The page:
My Kind of Country

Country music from a fan's point of view since 2008

Album Review: Trace Adkins – ‘Big Time’

Released in October 1997, Trace’s sophomore effort follows the same template of the first, offering up an 11-track selection of contemporary songs, while remaining more rooted in traditional country than most of his contemporaries at that time. Though he’s not particularly well known as a songwriter, Trace’s name appears among the songwriting credits on two tracks — the lead single “The Rest of Mine”, which is one of the finest singles of his career — and the album cut “Snowball in El Paso”. The former, co-written with Kenny Beard, is a beautiful wedding ballad that Trace performed at his own wedding. It peaked at #4. The album’s subsequent singles both faltered at radio, however, peaking outside the Top 10. “Lonely Won’t Leave Me Alone” made it as far as #11. Trace might have recovered from this setback had the label made a better choice for the third single. They went with the lyrically light title track, which they probably thought would make a fun spring/early summer release. However, it is one of the weaker tracks on the album. Radio programmers apparently agreed as it stalled at #27.

The whimsical “Took Her To The Moon” seems like it would have been a much better choice to send to radio. In this tale, Trace is the victim of his own success when he tries to impress his new love interest, only to have her move in with him and start running his life. He laments, “I took her to the moon and I can’t take her back.” It’s a shame that this one remained buried as an album cut.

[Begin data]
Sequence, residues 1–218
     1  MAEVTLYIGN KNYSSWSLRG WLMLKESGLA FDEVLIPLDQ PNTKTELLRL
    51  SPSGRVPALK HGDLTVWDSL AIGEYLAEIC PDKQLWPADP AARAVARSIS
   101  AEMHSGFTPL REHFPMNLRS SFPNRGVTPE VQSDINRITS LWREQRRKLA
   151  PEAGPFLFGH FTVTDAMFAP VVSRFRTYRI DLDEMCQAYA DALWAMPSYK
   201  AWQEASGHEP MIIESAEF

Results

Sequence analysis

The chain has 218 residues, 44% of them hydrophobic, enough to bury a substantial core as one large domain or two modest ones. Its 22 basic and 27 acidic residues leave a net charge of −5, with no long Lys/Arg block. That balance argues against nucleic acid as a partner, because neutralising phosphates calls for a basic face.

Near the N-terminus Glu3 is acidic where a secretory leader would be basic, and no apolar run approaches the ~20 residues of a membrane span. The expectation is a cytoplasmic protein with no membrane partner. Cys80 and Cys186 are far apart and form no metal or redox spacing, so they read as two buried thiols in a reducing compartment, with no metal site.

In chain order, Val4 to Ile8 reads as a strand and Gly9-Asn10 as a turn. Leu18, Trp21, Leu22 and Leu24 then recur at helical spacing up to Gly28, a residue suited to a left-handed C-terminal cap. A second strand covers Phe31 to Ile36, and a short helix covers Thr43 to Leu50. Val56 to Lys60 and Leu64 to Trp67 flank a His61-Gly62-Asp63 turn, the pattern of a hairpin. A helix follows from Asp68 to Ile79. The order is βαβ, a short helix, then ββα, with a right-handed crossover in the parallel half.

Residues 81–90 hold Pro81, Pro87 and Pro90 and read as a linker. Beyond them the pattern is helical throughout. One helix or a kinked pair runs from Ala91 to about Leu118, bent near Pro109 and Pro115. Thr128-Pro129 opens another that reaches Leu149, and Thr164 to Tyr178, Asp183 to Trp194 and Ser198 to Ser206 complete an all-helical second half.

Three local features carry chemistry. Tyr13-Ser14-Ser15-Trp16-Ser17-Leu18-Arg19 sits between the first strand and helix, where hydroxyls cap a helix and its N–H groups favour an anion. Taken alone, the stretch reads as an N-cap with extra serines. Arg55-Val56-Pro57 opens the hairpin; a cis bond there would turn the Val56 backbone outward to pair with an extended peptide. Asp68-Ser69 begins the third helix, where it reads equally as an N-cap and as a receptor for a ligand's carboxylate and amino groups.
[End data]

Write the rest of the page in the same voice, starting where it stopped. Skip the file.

The aformentioned “Snowball In El Paso”, which Trace co-wrote with Trey Bruce is another good tune, in which the narrator, having been left by his wife or girlfriend, remains in denial, listing the possessions she’s left behind as reasons why she can’t have actually left. This one was also strong enough to have been considered for a single release, but it was probably passed over because it is lyrically very similar to Tim McGraw’s “Can’t Really Be Gone” from a few years earlier. “Out Of My Dreams” shows is a very well done, understated ballad that serves as a reminder that Trace does have a vulnerable side — something we tend to forget at times thanks to monstrosities like “Honkytonk Badonkadonk”, “Ala-Freakin-Bama” and “Brown Chicken, Brown Cow”.

The album does have its share of filler tracks, namely the title track, the fiddle-led “See Jane Run” and the more rock-tinged “Twenty-four, Seven”; however, none of these tracks is unlistenable. In fact, all of them are quite good compared to some of the records Trace has released in more recent years.

The album closes on high note with a terrific version of the traditional spiritual/folk tune “Wayfaring Stranger”, which is probably my favorite version of the song after Emmylou Harris’ rendition.

Although Big Time’s singles may have underperformed on the charts, the album managed to earn platinum certification, matching the sales level of its predecessor Dreamin’ Out Loud. Because of his spotty track record in choosing quality material, I’ve learned to proceed with extreme caution before buying Trace’s albums. More often than not, I’ll download individual tracks instead of buying the complete album. Big Time, however, is one of his more solid efforts and is worth buying in its entirety. It is widely available at very reasonable prices, in both CD and digital form from vendors such as Amazon and iTunes.

Grade: A-

One response to “Album Review: Trace Adkins – ‘Big Time’

  1. Occasional Hope August 8, 2011 at 11:29 am

    I’ve always liked this album, particularly Out Of My Dreams, Wayfaring Stranger, and Took Her To The Moon.

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